Modern human beings first came onto the scene some 130,000–150,000 years ago. For the vast majority of that time, over 120,000 years, humans were hunters and gatherers. Thomas Hobbes, history’s most famous curmudgeon, once referred to the life of hunter-gatherers as “solitary, poor, nasty, brutish and short.” Yes, certainly, life spans were short, times were often difficult, and there was nary a bar of soap to be seen, but it’s now well established that hunter-gatherers enjoyed far more free time than those of us in more “advanced,” industrial societies.

This is not to say life was easier. There was violence, ignorance, and near constant danger. This was a time when there were a lot more animals on the planet and few of them friendly. It was also a lonelier existence. For better or worse there were fewer people on the planet, less than half a billion on average, and at one point as few as perhaps one thousand on the entire Earth.

Because hunter-gatherers lived off what was available they had to follow migrating herds and the change in seasons meaning they were nomadic. They were constantly on the move, spending only as little as two weeks in any one place. For this reason, people never built anything permanent. No houses. No towns. No cities. But they had religion. They worshipped the Earth and the gods of nature, specifically gods tied to food and fertility. They buried their dead. And they produced art. Hunter-gatherers were not “civilized,” but they lived in complex communities, with complex cultures, and had built for themselves a niche within Earth’s brutal ecosystem.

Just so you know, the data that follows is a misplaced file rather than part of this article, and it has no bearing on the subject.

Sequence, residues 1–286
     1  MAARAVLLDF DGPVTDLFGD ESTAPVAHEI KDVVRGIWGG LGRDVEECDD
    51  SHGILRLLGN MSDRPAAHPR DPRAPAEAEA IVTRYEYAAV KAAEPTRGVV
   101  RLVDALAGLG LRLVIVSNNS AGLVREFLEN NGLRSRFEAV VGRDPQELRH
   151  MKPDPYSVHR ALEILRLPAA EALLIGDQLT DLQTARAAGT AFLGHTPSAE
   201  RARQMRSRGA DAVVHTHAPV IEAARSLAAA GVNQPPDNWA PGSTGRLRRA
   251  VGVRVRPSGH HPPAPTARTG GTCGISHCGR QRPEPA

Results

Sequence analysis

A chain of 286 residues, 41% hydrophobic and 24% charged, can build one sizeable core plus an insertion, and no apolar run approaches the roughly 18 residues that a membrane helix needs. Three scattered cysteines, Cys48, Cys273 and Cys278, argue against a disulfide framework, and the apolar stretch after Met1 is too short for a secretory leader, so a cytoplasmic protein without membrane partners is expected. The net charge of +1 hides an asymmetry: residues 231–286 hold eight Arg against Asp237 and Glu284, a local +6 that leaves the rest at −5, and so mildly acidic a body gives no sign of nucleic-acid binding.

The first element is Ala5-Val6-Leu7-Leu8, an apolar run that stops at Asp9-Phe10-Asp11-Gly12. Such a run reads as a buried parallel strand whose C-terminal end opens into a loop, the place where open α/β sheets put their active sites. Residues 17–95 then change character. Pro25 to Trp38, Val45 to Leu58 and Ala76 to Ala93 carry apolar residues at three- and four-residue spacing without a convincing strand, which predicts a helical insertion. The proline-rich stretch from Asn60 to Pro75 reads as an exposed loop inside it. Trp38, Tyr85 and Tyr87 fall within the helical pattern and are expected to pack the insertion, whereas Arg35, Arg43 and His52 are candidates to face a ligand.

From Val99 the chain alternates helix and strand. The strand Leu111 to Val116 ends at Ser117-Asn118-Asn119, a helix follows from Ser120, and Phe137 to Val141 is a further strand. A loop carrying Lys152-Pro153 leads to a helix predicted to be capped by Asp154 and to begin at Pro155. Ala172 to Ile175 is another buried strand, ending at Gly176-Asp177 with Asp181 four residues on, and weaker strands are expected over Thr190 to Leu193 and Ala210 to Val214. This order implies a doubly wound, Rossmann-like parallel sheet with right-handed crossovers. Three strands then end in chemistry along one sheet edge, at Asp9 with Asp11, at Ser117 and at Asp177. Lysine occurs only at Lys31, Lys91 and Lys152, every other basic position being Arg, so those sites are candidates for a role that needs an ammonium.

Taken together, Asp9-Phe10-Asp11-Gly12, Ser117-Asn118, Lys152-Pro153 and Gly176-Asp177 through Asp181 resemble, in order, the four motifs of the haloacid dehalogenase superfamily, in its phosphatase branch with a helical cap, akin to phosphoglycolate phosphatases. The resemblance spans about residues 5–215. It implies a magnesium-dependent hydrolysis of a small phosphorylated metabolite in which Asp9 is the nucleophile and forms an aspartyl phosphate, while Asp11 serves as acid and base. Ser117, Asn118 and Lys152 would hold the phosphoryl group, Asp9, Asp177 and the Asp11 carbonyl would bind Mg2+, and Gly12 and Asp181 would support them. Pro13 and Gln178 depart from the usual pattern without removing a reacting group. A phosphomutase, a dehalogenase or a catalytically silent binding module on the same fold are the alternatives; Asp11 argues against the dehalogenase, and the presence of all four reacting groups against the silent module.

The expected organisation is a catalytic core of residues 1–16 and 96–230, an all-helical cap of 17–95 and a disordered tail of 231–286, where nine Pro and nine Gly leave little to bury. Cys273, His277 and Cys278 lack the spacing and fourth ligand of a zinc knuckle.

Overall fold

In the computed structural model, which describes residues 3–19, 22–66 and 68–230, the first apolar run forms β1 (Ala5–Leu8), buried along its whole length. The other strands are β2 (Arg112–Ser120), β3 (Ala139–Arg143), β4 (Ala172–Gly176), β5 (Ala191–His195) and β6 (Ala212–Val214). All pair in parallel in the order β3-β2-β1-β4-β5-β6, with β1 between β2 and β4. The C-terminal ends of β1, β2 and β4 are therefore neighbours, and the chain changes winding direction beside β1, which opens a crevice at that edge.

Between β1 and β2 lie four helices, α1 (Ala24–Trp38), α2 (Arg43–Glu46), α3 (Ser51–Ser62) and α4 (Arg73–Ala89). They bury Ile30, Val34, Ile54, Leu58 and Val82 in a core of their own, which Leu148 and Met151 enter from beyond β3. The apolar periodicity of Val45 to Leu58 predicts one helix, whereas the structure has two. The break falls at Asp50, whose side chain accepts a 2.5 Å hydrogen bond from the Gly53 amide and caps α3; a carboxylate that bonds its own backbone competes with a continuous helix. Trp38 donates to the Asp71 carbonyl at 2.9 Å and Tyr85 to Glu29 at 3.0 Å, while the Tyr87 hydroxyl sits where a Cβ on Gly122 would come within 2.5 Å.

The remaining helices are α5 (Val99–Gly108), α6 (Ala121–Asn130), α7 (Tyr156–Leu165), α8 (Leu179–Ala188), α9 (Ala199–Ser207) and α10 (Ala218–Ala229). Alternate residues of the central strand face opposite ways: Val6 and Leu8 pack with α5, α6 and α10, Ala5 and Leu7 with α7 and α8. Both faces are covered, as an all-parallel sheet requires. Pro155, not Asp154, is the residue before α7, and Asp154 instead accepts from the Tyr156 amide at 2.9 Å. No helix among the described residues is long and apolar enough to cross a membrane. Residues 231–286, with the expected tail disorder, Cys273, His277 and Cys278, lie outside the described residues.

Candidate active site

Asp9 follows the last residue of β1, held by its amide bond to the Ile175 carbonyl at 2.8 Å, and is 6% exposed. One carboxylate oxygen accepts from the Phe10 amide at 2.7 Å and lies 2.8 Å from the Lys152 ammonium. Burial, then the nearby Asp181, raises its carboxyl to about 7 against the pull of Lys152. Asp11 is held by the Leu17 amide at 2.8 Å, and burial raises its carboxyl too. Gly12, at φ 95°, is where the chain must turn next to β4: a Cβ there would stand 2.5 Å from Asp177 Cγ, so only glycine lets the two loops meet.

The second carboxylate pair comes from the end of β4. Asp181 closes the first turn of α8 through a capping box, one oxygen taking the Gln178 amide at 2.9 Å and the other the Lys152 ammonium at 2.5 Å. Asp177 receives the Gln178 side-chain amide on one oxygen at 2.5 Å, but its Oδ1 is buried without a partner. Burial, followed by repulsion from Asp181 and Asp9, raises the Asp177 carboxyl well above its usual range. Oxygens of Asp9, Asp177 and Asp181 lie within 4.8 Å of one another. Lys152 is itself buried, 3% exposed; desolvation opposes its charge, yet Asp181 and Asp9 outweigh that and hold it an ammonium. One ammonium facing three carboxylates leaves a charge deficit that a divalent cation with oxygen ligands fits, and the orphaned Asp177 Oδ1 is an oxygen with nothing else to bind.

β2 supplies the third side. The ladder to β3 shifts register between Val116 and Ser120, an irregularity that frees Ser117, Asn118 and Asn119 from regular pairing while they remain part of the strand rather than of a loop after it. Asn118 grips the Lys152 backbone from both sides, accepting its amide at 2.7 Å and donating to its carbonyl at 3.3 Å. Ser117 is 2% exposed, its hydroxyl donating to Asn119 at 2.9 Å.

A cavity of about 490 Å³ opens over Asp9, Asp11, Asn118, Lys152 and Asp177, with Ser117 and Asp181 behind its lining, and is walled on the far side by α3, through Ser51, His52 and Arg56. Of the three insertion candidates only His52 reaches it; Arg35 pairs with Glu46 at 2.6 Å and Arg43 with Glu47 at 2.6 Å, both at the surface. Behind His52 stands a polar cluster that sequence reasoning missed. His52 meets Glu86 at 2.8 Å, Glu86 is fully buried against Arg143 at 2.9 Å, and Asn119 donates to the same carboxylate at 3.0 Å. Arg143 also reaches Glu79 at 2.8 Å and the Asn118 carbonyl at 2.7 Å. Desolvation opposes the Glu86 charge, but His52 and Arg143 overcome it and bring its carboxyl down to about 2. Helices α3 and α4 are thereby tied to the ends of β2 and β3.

Then, 12,000 years ago, everything changed.

At the end of the last ice age groups of people in various places around the globe stopped hunting-gathering and switched to subsistence farming. This is called the Neolithic Revolution. The invention of agriculture. It was the single most momentous event in the history of the human species and we largely don’t know why it happened.